It turns out that there are a number of improvements to the Honeycomb browser for Tegra 3 platforms. The first has to do with threading and GPU acceleration. Google has been steadily moving away from using its skia libraries for drawing to the screen in Android. These libraries are mostly run on the CPU. With Honeycomb Google moved many elements of the OS to OpenGL ES based rendering, but parts of the browser still use these non-GPU accelerated skia libraries for displaying rendered web pages. With Ice Cream Sandwich (Android 4.x), Google moved the browser to OpenGL rendering but unfortunately Tegra 3 would debut on Honeycomb and not ICS so something had to be done. NVIDIA made two primary changes to the Honeycomb browser for Tegra 3. For starters, it further threaded a lot of the skia libraries to better take advantage of the four A9 cores in T3. It also moved some more components of the browser's display pipeline to OpenGL. The change isn't nearly as dramatic as what we'll see with the move to ICS, but it's a step forward.
There are some slight improvements in scrolling performance compared to the Tegra 2 build of Honeycomb. You don't get as much white blocking while scrolling on the TF Prime compared to the original (only when scrolling naturally, using the fast scroll bar on the right is the same on both).
The impact on web page loading performance isn't as dramatic as you'd expect. In general the Prime loads web pages in about the same amount of time as the original Transformer. Some web pages load quicker others load slower and it really varies from run to run. In my testing the original Transformer actually seemed to be more consistent in web page loading times. Whatever changes NVIDIA made to the browser seems to have resulted in this behavior. While there's no major performance gain when it comes to loading most web pages, the difference is that parts of the workload are spread across more cores, allowing each of the cores to run at a lower frequency and thus voltage.
I stand by my original assessment of the Prime's performance. The place you notice the additional CPU cores the most is when multitasking; unfortunately Honeycomb still degrades into a sluggish mess if you ask too much of it, which in turn limits the seat of the pants impact from having twice as many cores. Whereas the move from one to two cores was instantly noticeable on Android phones, the move from two to four is understandably less appreciable. The Prime as a whole feels much faster than its predecessor, but it's unclear to me how much of that is due to the faster GPU, higher CPU clocks, increase in memory bandwidth, NEON support, or the additional cores. I'm willing to bet that the faster GPU and increase in CPU clocks are the most noticeable of the improvements, followed by the increase in core count. I don't mind the extra cores, but I do get the feeling that we'd be better off with two faster cores than four A9s. With A15 and Krait really designed for 28nm, NVIDIA's decision to increase core count at 40nm was probably better for end users than simply increasing CPU clocks on Tegra 2.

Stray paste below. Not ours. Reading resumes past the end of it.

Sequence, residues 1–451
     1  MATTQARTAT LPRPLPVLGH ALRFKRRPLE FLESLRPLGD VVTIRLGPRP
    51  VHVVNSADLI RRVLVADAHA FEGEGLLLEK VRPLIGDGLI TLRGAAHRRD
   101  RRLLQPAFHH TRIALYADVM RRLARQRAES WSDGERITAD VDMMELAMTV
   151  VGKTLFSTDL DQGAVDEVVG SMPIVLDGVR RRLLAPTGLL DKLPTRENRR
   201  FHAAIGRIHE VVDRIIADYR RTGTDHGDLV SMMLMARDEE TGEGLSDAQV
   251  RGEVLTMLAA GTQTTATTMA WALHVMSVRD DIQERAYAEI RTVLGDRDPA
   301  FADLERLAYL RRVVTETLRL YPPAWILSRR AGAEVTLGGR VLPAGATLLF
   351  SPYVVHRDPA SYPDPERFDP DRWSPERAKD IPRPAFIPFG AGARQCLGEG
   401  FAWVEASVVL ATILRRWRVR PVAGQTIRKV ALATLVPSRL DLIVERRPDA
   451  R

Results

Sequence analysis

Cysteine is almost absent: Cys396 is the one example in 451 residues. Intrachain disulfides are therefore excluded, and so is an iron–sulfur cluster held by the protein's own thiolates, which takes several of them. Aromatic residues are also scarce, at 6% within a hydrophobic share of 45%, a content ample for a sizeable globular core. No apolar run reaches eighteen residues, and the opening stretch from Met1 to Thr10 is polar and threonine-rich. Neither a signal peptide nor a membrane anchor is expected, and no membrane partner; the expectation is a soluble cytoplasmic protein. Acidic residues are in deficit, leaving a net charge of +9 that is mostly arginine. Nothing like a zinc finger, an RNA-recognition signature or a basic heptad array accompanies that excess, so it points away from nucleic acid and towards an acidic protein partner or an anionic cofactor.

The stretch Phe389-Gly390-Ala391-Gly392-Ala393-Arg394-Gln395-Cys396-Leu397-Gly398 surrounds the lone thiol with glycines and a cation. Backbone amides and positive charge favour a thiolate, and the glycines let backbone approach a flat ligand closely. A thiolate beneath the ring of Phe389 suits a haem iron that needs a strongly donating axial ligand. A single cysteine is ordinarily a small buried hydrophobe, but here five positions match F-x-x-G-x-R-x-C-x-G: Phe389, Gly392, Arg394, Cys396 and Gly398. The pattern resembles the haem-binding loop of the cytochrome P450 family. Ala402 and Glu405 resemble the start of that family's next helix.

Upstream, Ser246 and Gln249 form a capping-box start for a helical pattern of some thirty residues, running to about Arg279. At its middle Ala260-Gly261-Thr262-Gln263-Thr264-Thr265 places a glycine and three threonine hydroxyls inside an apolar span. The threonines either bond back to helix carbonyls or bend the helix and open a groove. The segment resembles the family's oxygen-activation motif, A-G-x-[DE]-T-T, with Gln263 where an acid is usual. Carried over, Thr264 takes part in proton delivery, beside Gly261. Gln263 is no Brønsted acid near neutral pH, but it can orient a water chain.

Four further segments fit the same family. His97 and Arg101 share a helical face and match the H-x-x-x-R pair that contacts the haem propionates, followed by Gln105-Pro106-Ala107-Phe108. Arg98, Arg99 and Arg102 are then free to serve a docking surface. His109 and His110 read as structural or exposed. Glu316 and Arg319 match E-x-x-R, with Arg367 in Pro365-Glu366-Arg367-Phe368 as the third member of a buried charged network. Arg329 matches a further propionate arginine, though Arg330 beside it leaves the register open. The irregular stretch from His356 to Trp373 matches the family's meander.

I suspect Ice Cream Sandwich will remove some of the software bottlenecks that make the Prime feel sluggish under heavy load, at which point I may have to revisit this assessment. There's also the concern of how Tegra 3 will stack up against Krait based solutions in a few months time. I still feel like the Transformer Prime is a good buy today if you're looking for an Android tablet, but 28nm silicon is less than six months away....
The Dock Experience
The dock experience is better than I had originally written, but I still have issues with the setup. Typing on the dock is a non-issue, in fact I'd call it a pleasure, as long as you're fine with the short travel of chicklet style keyboards. Other than some slight differences in keypress sound, the dock's physical keyboard is very similar to the MacBook Air keyboard. Given how closely ASUS learns from Apple, this is a decision I'm not surprised by.
Many of you have asked about the experience with the dock connected and whether or not the Prime is capable of replacing a netbook or notebook. Depending on your usage model your satisfaction level will vary. As a glorified typewriter the Prime + dock gets the job done. ASUS preloads the tablet with Polaris Office just like it did back with the original Transformer. This time around however Honeycomb is far more stable, and as a result I don't get the crashes in the middle of writing like I used to. Honeycomb still does crash from time to time but now it behaves a lot more like a reliable OS than it did when it was first introduced.
What Polaris Office really needs is an auto save feature. I mentioned this in our original Transformer review, especially as the app would frequently crash back then. Now it doesn't crash so frequently but there's another issue—if you switch to another app while you're typing in Polaris Office, and Android's process manager unloads Polaris Office from memory, you'll lose any unsaved changes to your document. This doesn't happen all of the time. For example, I spent a lot of time in Polaris writing the Momentus XT review and switching between it and the Honeycomb browser without ever losing any data. However, doing the same experiment while installing Pandora and Twitter apps from the Android Market resulted in Polaris being evicted from main memory and me losing any unsaved changes to my document. While I understand this is outside of ASUS' control (short of outfitting the Prime with more memory), it's something that I do believe impacts the overall experience.